Flow control is the name given to the process by which the speed of execution of several threads is balanced so that the rate of input into a buffer and the rate of output are smoothly balanced. The example above is particularly simple, but it occurs in many other cases. Almost every I/O or data transfer mechanism between threads or processes incorporates flow control in some manner. In simple cases, this may simply involve only allowing one outstanding piece of data in transit, and suspending either the producer (the thread that puts data into the buffer) or the consumer (the thread that takes it out). In more complex cases, the threads may be executing on different machines, and the "buffer" may be a composite of internal buffers on those machines, and the buffering capabilities of the network in between them. A large part of the TCP protocol is that of managing flow control. Every time you download a web page, the TCP protocol arbitrates between the two machines, ensuring that whatever the relative CPU or disk speed, all data transfers occur at a rate that both machines can handle. In the case of our example above, a fairly crude attempt at flow control has been made. The thread priority of the worker thread has been set so that the scheduler will select the main VCL thread in preference to the worker thread whenever both have work to do. Under Win32 schedulers, this removes the problem, but it is not really a cast iron guarantee.
Another issue which relates to flow control is that in the case of the example above, the size of the buffer is unbounded. Firstly, this creates an inefficiency problem, in that the main thread has to perform a large number of memory moves when removing the first member of a large string list, and secondly, this means that with the flow control mentioned above, the buffer might grow without limit. Try removing the statement that sets the thread priority. You will find that the worker thread generates results faster than the VCL thread can process them, which makes the string list large. This then slows down the VCL thread even more (since the string removal operations take longer on a larger list), and the problem gets even worse. What you will eventually find is that the list gets large enough to fill up main memory, the machine starts thrashing, and everything grinds to a halt. So much to a halt in fact, that when testing the example, I was unable to get Delphi to respond to my request to quit the app, and had to resort to using the Windows NT task manager to close the process!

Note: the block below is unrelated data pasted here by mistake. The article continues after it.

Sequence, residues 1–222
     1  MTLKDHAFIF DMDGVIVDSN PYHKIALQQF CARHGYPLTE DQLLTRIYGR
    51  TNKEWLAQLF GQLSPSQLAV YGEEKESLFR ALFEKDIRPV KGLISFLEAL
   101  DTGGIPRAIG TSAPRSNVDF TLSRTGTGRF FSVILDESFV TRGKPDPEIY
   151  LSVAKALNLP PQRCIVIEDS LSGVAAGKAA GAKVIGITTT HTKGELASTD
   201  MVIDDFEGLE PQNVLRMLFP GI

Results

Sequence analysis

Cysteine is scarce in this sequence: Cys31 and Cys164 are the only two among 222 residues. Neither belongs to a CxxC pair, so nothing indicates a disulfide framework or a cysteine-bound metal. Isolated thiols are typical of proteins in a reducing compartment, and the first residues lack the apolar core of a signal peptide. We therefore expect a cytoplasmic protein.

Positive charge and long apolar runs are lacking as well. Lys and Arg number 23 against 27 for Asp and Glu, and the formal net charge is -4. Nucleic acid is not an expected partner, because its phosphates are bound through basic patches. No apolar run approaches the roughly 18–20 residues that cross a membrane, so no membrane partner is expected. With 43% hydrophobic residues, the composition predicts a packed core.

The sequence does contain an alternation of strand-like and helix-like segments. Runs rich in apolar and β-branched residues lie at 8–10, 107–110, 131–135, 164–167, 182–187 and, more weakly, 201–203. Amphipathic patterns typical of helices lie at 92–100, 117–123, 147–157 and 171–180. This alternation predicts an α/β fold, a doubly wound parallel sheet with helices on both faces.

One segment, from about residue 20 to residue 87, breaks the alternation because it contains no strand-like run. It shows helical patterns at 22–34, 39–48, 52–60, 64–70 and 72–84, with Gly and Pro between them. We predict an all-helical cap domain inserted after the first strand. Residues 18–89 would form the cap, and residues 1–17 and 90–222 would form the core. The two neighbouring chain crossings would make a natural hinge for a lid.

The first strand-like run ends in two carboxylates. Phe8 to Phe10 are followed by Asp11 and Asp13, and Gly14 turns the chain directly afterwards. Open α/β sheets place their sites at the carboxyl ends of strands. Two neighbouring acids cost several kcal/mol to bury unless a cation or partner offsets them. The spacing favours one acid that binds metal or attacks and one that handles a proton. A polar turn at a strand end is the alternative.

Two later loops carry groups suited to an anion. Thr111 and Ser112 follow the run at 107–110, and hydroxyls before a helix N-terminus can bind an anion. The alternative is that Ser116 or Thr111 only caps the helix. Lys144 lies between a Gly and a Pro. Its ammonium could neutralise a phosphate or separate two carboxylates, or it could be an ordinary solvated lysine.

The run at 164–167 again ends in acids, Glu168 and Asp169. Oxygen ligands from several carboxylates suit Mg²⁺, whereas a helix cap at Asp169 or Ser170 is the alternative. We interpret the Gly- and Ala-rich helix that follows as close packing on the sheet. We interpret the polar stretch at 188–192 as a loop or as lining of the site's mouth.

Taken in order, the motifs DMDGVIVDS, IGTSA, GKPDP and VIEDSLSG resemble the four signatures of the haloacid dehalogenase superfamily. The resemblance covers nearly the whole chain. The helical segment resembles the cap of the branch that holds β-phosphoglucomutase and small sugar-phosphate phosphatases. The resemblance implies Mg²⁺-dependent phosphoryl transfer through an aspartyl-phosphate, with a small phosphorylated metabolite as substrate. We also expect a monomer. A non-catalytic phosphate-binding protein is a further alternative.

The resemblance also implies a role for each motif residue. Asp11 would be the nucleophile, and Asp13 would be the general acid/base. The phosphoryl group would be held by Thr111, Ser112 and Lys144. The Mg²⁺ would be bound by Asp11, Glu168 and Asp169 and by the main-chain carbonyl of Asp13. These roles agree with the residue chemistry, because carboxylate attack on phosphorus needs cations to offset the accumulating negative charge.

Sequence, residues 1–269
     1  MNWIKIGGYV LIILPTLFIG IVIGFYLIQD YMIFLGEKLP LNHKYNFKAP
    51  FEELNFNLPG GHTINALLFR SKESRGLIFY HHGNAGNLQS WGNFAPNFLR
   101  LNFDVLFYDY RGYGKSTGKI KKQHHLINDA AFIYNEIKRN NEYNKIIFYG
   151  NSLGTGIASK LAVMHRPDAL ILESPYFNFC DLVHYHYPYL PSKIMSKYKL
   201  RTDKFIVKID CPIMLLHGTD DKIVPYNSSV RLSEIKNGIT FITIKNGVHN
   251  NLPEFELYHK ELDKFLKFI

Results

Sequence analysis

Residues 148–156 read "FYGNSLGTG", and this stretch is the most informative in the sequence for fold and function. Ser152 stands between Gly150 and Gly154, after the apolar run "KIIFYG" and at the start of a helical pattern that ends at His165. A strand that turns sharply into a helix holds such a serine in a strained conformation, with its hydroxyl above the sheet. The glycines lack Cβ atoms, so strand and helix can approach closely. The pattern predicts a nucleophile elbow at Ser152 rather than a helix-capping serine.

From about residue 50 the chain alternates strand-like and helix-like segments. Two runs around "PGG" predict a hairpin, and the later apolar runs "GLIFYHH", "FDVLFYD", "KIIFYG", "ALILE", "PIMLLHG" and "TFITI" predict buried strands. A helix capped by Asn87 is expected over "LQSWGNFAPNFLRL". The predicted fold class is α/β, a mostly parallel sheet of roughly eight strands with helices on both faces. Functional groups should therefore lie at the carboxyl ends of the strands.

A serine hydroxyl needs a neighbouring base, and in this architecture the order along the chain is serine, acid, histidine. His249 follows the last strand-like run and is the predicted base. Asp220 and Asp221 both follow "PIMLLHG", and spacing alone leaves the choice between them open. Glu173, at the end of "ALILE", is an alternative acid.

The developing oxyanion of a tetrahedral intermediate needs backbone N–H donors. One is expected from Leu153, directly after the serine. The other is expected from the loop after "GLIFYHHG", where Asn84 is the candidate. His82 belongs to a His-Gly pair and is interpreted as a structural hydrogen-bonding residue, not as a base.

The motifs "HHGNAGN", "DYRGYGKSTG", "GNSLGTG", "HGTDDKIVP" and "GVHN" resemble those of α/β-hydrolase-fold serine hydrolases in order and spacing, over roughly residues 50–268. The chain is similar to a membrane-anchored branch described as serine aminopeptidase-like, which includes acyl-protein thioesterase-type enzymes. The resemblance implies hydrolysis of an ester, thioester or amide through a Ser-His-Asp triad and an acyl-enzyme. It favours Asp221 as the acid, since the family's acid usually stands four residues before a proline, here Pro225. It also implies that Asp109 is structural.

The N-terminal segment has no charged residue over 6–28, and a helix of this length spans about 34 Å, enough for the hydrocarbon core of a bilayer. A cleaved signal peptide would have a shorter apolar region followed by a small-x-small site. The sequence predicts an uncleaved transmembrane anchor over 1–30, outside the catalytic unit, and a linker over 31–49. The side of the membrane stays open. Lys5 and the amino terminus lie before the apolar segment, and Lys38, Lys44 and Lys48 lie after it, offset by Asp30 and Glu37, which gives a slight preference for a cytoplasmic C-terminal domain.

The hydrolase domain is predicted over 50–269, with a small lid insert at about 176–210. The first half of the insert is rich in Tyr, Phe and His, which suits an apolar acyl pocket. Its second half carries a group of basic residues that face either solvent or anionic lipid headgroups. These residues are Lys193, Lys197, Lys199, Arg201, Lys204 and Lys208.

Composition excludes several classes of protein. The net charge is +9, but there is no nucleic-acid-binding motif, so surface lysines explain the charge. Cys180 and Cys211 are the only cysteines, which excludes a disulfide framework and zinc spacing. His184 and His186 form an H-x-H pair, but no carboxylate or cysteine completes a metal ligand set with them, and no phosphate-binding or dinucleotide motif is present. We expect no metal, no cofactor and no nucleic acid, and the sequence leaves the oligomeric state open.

Simple though this program seemed at first sight, it has raised a large number of potential gremlins. More robust solutions to these problems are discussed in the second part of this guide.
The reader might be forgiven for thinking that I had spent so long explaining critical sections that I had altogether forgotten about mutexes. Rest assured that this is not the case, it is merely that mutexes present no new conceptual challenges. A mutex works in exactly the same way as a critical section. The only difference in Win32 implementations is that the critical section is limited to being used within only one process. If you have a single program that uses several threads, then the critical section is lightweight, and adequate for your needs. However, when writing a DLL, it is often possible that several different processes will be using the DLL at the same time. In this case, you must use mutexes instead of critical sections. Although the Win32 API provides a more comprehensive range of functions for dealing with Mutexes and other synchronization objects than will be explained here, the following functions are analogous to those listed for critical sections above:
- CreateMutex / OpenMutex
These functions are well documented in the Win32 API help files, and will be discussed in more detail later on.
 The TCP protocol also performs many other weird and wonderful functions, such as coping with lost data, and optimizing window sizes so that the flow of data is not only matched to the two end point machines but also the network in between, whilst minimizing latency and maximizing throughput. It also contains back-off algorithms to ensure that several TCP connections can share one physical connection without any of them monopolizing the physical resource. Much as I would like to explain this further, I risk going seriously off topic.